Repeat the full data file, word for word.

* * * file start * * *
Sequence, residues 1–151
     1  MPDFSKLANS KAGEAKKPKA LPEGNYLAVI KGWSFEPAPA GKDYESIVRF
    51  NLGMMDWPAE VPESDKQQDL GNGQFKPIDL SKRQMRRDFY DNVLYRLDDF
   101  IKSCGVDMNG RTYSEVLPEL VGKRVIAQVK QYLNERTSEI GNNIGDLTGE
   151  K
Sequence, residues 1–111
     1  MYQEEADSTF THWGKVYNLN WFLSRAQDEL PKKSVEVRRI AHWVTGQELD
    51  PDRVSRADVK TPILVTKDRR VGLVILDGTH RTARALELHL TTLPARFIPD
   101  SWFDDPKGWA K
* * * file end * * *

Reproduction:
Sequence, residues 1–151
     1  MPDFSKLANS KAGEAKKPKA LPEGNYLAVI KGWSFEPAPA GKDYESIVRF
    51  NLGMMDWPAE VPESDKQQDL GNGQFKPIDL SKRQMRRDFY DNVLYRLDDF
   101  IKSCGVDMNG RTYSEVLPEL VGKRVIAQVK QYLNERTSEI GNNIGDLTGE
   151  K
Sequence, residues 1–111
     1  MYQEEADSTF THWGKVYNLN WFLSRAQDEL PKKSVEVRRI AHWVTGQELD
    51  PDRVSRADVK TPILVTKDRR VGLVILDGTH RTARALELHL TTLPARFIPD
   101  SWFDDPKGWA K